Results: Findings from this study are presented as both a short practical checklist for clinicians and detailed textboxes with a full summary of all the guidelines. The summary textboxes are also available on an open-access webpage, which is regularly updated. These findings reflected the strong evidence base for the use of telepsychiatry and included guidelines for many of the common concerns expressed by clinicians about practical implementation, technology, information governance, and safety. Guidelines across countries differ significantly, with UK guidelines more conservative and focused on practical implementation and US guidelines more expansive and detailed. Guidelines on possible combinations with other digital technologies such as apps (eg, from the US Food and Drug Administration, the National Health Service Apps Library, and the National Institute for Health and Care Excellence) are less detailed. Several key areas were not represented. Although some special populations such as child and adolescent, and older adult, and cultural issues are specifically included, important populations such as learning disabilities, psychosis, personality disorder, and eating disorders, which may present particular challenges for telepsychiatry, are not. In addition, the initial consultation and follow-up sessions are not clearly distinguished. Finally, a hybrid model of care (combining telepsychiatry with other technologies and in-person care) is not explicitly covered by the existing guidelines.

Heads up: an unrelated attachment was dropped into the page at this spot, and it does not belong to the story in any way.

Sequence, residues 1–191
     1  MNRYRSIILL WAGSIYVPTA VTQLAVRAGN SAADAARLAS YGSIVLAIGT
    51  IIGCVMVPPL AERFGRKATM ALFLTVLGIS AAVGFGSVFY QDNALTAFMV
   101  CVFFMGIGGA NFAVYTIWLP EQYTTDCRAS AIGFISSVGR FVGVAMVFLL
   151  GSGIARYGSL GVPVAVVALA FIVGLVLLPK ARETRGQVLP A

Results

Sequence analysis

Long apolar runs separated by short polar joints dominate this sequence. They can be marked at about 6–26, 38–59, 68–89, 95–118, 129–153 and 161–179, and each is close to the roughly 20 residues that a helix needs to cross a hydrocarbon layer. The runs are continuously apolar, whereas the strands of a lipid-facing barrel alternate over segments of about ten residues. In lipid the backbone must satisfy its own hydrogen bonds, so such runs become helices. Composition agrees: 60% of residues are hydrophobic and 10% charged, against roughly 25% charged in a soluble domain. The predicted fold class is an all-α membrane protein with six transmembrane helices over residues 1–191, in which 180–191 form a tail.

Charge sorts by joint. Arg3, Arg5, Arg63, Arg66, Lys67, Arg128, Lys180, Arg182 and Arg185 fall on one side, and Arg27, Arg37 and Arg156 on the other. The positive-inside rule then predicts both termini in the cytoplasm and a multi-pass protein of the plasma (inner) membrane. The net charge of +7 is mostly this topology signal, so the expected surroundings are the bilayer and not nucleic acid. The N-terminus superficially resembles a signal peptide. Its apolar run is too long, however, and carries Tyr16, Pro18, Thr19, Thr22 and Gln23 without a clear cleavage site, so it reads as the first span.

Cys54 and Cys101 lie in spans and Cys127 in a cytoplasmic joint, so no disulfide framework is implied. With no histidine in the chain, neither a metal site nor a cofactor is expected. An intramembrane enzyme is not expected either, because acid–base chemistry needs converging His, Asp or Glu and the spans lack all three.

Conclusions: We produced a comprehensive synthesis of guidance answering a wide range of clinical questions in telepsychiatry. This meets the urgent need for practical information for both clinicians and health care organizations who are rapidly adapting to the pandemic and implementing remote consultation. It reflects variations across countries and can be used as a basis for organizational change in the short- and long-term. Providing easily accessible guidance is a first step but will need cultural change to implement as clinicians start to view telepsychiatry not just as a replacement but as a parallel and complementary form of delivering therapy with its own advantages and benefits as well as restrictions. A combination or hybrid approach can be the most successful approach in the new world of mental health post–COVID-19, and guidance will need to expand to encompass the use of telepsychiatry in conjunction with other in-person and digital technologies, and its use across all psychiatric disorders, not just those who are the first to access and engage with remote treatment.